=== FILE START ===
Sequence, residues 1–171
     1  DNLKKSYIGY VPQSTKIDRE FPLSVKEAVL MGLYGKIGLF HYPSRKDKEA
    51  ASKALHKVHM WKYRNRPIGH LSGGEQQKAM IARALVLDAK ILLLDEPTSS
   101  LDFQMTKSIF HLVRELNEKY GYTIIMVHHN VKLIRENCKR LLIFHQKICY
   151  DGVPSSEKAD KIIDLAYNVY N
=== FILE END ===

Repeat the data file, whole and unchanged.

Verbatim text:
Sequence, residues 1–171
     1  DNLKKSYIGY VPQSTKIDRE FPLSVKEAVL MGLYGKIGLF HYPSRKDKEA
    51  ASKALHKVHM WKYRNRPIGH LSGGEQQKAM IARALVLDAK ILLLDEPTSS
   101  LDFQMTKSIF HLVRELNEKY GYTIIMVHHN VKLIRENCKR LLIFHQKICY
   151  DGVPSSEKAD KIIDLAYNVY N